9/11: One Year Later

Everyday Life in Afghanistan

When you spend just a few weeks living the same toxic lifestyles as these poor and unlucky souls, you find it's amazing that they live as long as they do.
DUSHANBE, TAJIKISTAN -- Resplendent in his spiffy new Northern Alliance hat and shiny Pancho Villa ammo belt and matching AK-47, the soldier tiptoed through what some guys from Badakhshan said was a minefield. Well, he had to take a leak, and what could they know of Takhar or its mines? Safely relieved, he wanted to know my age.

"Thirty-eight. How about you?"

"How old do you think I am?"

Salt-and-pepper hair, definitively receding. Not just eye bags, but wrinkles. Subtly hard facial angles; not a gram of baby fat. I thought 42. I said 36 to be polite.

He enjoyed a hearty laugh. "I'm 18!"

Middle-aged teenagers shouldn't come as much of a surprise in a country with an average life expectancy of 43 (considerably less for front-line troops). But when you spend just a few weeks living the same toxic lifestyles as these poor and unlucky souls, it's amazing that they live as long as they do.

All things considered, I lived considerably better than the average resident of Taloqan, Afghanistan, where I lived for a couple of weeks. For one thing, I was willing and able to pay the extortionate rate of five bucks for the sticks you burn to boil bathwater in an ancient tin stove. A hot-water "hamam" goes a long way towards improving your outlook after a night spent watching bombs fall far too close to your home address. And call me a spendthrift if you want, but I always sprung for the 60-cent horse-drawn cart ride across town. Most Afghans didn't.

Otherwise, there were few indignities or inconveniences that my Amex, Visa or carefully-concealed wad of crisp hundreds could ease, much less eradicate. Like most Afghans, I slept on a filthy mat along one wall of a freezing-cold room containing said stinky mat on top of one astonishingly dirty red carpet. The foul stench made sleep nearly impossible; strange rashes spread among the press corps. Afghans, when asked about this, shrugged and pointed to their own scary blotches.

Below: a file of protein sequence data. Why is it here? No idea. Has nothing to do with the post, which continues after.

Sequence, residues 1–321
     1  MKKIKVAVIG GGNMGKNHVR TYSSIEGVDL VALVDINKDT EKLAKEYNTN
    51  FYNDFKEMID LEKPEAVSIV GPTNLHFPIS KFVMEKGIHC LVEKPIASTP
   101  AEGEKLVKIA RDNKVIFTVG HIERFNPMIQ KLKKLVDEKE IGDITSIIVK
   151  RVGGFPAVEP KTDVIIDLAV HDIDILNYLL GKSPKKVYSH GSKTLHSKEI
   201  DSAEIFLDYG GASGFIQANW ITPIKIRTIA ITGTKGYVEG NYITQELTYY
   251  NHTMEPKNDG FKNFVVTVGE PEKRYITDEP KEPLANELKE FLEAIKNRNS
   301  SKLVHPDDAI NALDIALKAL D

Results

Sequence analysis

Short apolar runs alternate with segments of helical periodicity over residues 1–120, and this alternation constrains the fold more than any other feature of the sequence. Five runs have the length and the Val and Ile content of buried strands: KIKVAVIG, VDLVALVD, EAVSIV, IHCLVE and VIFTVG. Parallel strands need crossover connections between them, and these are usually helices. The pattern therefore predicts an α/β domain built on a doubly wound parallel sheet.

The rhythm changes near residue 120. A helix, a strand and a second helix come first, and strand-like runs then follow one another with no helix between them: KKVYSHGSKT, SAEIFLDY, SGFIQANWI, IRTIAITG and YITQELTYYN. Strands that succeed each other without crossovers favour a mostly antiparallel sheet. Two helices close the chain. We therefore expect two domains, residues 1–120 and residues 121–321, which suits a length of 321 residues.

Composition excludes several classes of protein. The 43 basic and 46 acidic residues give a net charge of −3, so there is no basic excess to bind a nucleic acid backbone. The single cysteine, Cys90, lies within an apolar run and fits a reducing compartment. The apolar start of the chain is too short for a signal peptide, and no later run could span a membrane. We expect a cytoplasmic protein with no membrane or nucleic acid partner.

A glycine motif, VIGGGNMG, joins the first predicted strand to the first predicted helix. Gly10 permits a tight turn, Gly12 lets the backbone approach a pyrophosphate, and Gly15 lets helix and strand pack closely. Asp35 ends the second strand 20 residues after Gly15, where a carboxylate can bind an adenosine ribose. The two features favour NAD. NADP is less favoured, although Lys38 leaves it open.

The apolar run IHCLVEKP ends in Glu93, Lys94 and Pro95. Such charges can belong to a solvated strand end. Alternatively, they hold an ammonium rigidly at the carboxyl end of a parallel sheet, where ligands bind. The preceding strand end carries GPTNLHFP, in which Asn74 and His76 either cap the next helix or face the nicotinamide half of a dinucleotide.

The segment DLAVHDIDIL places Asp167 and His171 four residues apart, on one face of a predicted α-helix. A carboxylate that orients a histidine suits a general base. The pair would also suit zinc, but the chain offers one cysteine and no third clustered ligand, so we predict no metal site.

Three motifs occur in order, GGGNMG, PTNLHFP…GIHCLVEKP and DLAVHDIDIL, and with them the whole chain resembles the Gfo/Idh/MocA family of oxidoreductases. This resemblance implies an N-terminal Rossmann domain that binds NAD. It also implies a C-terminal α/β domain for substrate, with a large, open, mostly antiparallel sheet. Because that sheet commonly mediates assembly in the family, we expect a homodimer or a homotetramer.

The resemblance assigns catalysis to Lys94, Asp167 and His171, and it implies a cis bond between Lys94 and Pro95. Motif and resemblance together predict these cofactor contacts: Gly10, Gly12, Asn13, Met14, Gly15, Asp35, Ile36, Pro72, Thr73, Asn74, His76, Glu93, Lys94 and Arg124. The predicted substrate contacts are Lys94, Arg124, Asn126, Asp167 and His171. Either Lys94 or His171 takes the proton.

Though as an infidel I was technically exempt from the 5 am-to-6 pm Ramadan fast, the only way to sneak a snack without causing the highly-armed locals to take offense was to stay home and pay a kid to run to the bazaar. Since I was always out and about, like other journalists I observed a de facto Ramadan fast. Think it's easy? Try it yourself: Move to Arizona and go all day without a sip of water; the principal difference is that Afghanistan is drier and dustier.

Don't get the idea, though, that breaking out that dinnertime flatware after an all-day fast is a big treat. Most people survive on a vegan-unfriendly diet of fatty kebabs and water drawn from the natural goodness of ... the gutter on the side of the road. When I hungrily inquired about a few plump ducks splashing around in Taloqan's communal bath/drinking fountain/toilet/garbage can, you would have thought I'd said only wimps like AK-47s. "EAT them? Why?" my translator spat in disgust.

"In France," I offered, "ducks are a delicacy."

"Not here," he shuddered. "We need them alive."

"If you don't eat ducks, what good are they?"

"They keep the gutter water clean."

What an atrociously unbalanced and unhygienic diet and American bombs don't finish off, the triple Bs -- bugs, benzene and breathing -- surely will.

For one thing, the nation's bedding supports a thriving ecosystem of fleas, ticks, bedbugs, lice and other assorted nasties -- including everyone's favorite bedtime companion, Mr. Scorpion. Neither warrior nor babe nor Osama himself is safe from the contagion, not to mention painful welts, issued by the local critters. After just one week, I counted 106 bites from Afghan bed fauna, many of them on body parts best left unblemished.

Furthermore, nights are almost always shockingly cold, and so are the days from November through May. Afghans heat their uninsulated mud-adobe homes with Chinese-made camping lanterns fueled by eye-burning, lung-searing benzene. Every teeth-chattering minute offers a terrible dilemma: which is worse, freezing to death or poisoning yourself on low-grade Central Asian benzene?

Finally, there's the dust. With a consistency like flour, it's kicked up by anything and anyone moving across a 99 percent-unpaved landscape. Consequently, everyone in Afghanistan suffers from smoker's cough. I left Afghanistan days ago, yet I'm still ejecting prodigious balls of sandy phlegm.

Perhaps the world will, against all odds, witness the coming of a peaceful, prosperous society in Afghanistan. Maybe Afghans will routinely live well into their 50s. American civilization may bring running water, nay, even clean, fresh Evian, into every home. But who's going to take on the ferocious fleas I'm bringing home in my luggage?
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